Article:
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U.S. Army Corps of Engineers (Corps), Department of the Army, Department of Defense; Environmental Protection Agency (EPA).
Notice of intent.
In accordance with a Presidential directive, the U.S. Environmental Protection Agency (EPA) and the Department of the Army (Army) announces its intention to review and rescind or revise the Clean Water Rule.
March 6, 2017.
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FOR FURTHER INFORMATION, CONTACT:
Ms. Donna Downing, Office of Water (4502-T), Environmental Protection Agency, 1200 Pennsylvania Avenue NW., Washington, DC 20460; telephone number 202-566-2428; email CWAwaters@epa.gov, and Mr. Gib Owen, Office of the Assistant Secretary of the Army for Civil Works, Department of the Army, 104 Army Pentagon, Washington, DC 20310-0104; telephone number 703-695-4641; email firstname.lastname@example.org.
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The Federal Water Pollution Control Act, originally enacted in 1948, most comprehensively amended in 1972, and known as the Clean Water Act (CWA), seeks “to restore and maintain the chemical, physical, and biological integrity of the Nation's waters.” 33 U.S.C. 1251 et seq. Among other provisions, the CWA regulates the discharge of pollutants into “navigable waters,” defined in the CWA as “the waters of the United States.” The question of what is a “water of the United States” is one that has generated substantial interest and uncertainty, especially among states, small businesses, the agricultural communities, and environmental organizations, because it relates to the extent of jurisdiction for federal and relevant state regulations.
The EPA and the Department of the Army (collectively, the agencies) have promulgated a series of regulations defining “waters of the United States.” The scope of “waters of the United States” as defined by the prior regulations has been subject to litigation in several U.S. Supreme Court cases, most recently in Rapanos v. United States, 547 U.S. 715 (2006) (“Rapanos”). In response to that decision, the agencies issued guidance regarding CWA jurisdiction in 2007, and revised it in 2008.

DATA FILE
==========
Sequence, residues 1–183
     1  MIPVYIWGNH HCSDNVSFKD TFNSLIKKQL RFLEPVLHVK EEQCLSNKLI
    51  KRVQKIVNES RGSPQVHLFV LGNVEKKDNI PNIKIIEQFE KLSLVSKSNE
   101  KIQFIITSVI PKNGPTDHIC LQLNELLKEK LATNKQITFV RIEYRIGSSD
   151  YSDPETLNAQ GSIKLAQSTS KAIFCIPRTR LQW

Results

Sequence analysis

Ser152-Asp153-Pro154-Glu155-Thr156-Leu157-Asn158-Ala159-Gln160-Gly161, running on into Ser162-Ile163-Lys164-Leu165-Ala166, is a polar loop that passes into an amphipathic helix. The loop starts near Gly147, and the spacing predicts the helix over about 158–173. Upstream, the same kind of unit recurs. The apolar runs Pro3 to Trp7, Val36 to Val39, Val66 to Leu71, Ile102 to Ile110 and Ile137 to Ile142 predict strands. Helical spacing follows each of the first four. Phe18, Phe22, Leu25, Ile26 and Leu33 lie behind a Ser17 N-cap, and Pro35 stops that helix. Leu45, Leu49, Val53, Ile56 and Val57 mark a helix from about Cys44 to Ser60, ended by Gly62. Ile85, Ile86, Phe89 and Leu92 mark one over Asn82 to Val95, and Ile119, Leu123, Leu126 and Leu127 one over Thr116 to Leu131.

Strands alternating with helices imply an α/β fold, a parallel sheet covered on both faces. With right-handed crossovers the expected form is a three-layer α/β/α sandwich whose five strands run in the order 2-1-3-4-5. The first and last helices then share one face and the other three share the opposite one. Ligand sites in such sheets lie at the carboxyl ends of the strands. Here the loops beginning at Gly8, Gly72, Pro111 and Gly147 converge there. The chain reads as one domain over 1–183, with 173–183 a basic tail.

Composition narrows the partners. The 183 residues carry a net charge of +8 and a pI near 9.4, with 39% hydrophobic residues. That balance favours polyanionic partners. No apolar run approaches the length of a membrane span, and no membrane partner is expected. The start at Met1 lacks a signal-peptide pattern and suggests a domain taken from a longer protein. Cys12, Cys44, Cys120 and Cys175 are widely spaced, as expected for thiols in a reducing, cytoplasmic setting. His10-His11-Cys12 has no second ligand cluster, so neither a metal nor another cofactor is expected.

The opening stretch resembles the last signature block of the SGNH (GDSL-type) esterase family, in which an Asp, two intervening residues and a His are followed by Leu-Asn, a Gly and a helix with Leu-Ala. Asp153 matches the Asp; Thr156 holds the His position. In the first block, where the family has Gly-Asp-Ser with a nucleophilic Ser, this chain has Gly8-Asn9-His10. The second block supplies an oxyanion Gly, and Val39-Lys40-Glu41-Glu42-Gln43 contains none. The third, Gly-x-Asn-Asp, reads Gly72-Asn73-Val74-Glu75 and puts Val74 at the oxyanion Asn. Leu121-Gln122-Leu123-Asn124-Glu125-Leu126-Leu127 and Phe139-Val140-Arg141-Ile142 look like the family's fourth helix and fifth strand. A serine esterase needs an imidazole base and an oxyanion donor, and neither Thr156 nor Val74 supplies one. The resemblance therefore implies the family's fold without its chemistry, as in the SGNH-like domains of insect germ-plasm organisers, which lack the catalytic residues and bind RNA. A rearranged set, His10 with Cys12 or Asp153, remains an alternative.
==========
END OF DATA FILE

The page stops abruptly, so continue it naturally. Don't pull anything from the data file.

In response to that guidance, Members of Congress, developers, farmers, state and local governments, environmental organizations, energy companies and others asked the agencies to replace the guidance with a regulation. At the conclusion of that rulemaking process, the agencies issued the “Clean Water Rule: Definition of ‘Waters of the United States.' ” 80 FR 37054 (“2015 Rule”) (found at 40 CFR 110, 112, 116, 117, 122, 230, 232, 300, 302 and 401, and 33 CFR 328).
Due to concerns about the potential for continued regulatory uncertainty, as well as the scope and legal authority of the 2015 Rule, 31 states and a number of other parties sought judicial review in multiple actions. Seven states plus the District of Columbia, and an additional number of parties, then intervened in those cases. On October 9, 2015, the U.S. Court of Appeals for the Sixth Circuit stayed the 2015 Rule nationwide pending further action of the court.
On February 28, 2017, the President of the United States issued an Executive Order directing the EPA and the Army to review and rescind or revise the 2015 Rule. Today, the EPA and the Army announce their intention to review that rule, and provide advanced notice of a forthcoming proposed rulemaking consistent with the Executive Order. In doing so, the agencies will consider interpreting the term “navigable waters,” as defined in the CWA in a manner consistent with the opinion of Justice Scalia in Rapanos. It is important that stakeholders and the public at large have certainty as to how the CWA applies to their activities.
Agencies have inherent authority to reconsider past decisions and to revise, replace or repeal a decision to the extent permitted by law and supported by a reasoned explanation. FCC v. Fox Television Stations, Inc., 556 U.S. 502, 515 (2009) (“Fox”); Motor Vehicle Manufacturers Ass'n of the United States, Inc., et al, v. State Farm Mutual Automobile Insurance Co., et al. 463 U.S. 29, 42 (1983) (“State Farm”). Importantly, such a revised decision need not be based upon a change of facts or circumstances. A revised rulemaking based “on a reevaluation of which policy would be better in light of the facts” is “well within an agency's discretion,” and “[a] change in administration brought about by the people casting their votes is a perfectly reasonable basis for an executive agency's reappraisal of the costs and benefits of its programs and regulations.” National Ass'n of Home Builders v. EPA, 682 F.3d 1032, 1038 & 1043 (D.C. Cir. 2012) (citing Fox, 556 U.S. at 514-15; quoting State Farm, 463 U.S. at 59 (Rehnquist, J., concurring in part and dissenting in part)).
Through new rulemaking, the EPA and the Army seek to provide greater clarity and regulatory certainty concerning the definition of “waters of the United States,” consistent with the principles outlined in the Executive Order and the agencies' legal authority.
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Dated: February 28, 2017.
E. Scott Pruitt,
Administrator, Environmental Protection Agency.
Dated: February 28, 2017.
Douglas W. Lamont,
Senior Offical Performing the Duties of the Assistant Secretary of the Army for Civil Works, Department of the Army.
[FR Doc. 2017-04312 Filed 3-3-17; 8:45 am]
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